Greater numbers and settled communities had required a different sort of organization, leadership based on wisdom and experience instead of merely strength. Even so, the Elders facing Garric now were all former chieftains. They had the heavy bodies and shaggy manes of sexually mature males who'd lived for years on a diet of red meat rather than the fish and legumes of ordinary warriors.


            They glared balefully back at Garric; but the eldest, the Corl who'd addressed Garric from the gateway, said, "We are here for you to command, chief of the animals."


            "Then hear me," said Garric. "First, you will send all the men from the Place to my camp. From this day forth, no man will serve a Corl!"


            The problems the freed humans would cause for the kingdom were staggering. They hadn't been slaves, they'd been domesticated animals for hundreds of generations. But there wasn't any other choice that Garric was willing to accept.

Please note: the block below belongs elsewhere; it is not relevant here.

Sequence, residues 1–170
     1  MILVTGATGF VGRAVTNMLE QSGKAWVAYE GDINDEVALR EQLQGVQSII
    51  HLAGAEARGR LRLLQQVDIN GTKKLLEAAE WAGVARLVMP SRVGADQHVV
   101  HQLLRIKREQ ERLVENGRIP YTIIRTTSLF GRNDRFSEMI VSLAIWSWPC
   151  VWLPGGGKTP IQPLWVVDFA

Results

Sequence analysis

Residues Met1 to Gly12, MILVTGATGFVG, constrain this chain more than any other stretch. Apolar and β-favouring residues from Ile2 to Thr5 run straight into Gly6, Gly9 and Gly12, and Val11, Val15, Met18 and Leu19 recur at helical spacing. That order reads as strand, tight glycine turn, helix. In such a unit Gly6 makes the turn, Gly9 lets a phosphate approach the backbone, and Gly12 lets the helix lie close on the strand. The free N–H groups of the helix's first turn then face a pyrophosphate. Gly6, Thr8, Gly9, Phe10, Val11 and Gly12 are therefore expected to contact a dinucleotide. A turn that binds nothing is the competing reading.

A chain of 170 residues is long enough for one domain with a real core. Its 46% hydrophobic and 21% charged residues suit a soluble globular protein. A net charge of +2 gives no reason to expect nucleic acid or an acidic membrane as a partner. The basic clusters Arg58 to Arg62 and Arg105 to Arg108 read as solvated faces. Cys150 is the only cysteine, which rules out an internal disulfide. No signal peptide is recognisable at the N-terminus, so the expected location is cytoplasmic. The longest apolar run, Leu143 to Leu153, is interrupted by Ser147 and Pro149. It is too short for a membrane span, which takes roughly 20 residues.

"I am Barog!" snarled a chief outside the circle of guards. "Shall a Corl chieftain eat fish?"


            The Elder who'd been speaking rose to his feet on his rock and pointed to Barog. His mane, silvery but still streaked with pure black, flared out at twice its previous length. "Kill the oathbreaker!" he said.


            "How dare–" Barog shouted.


            The chieftain to his left grabbed him by the shoulder. Barog spun, baring his fangs in defiance; the chieftain to his right, now behind him, dashed out his brains with a ball-headed wooden mace. The chief already holding Barog sank teeth into his throat. Victim and killers dropped to the ground, the latter worrying the former like dogs with a rabbit.


            Warriors whom Barog had led moments before joined in tearing the dead chieftain to bits. At a command from Attaper, the Blood Eagles at that side of the circle dropped to one knee, butting their shields on the ground; otherwise the maddened Coerli would've clawed and bitten the men's ankles as they thrashed.


            Garric kept his face set in grim lines, but he smiled in his heart. Perhaps Waldron'll believe what I've told him about Corl honor now.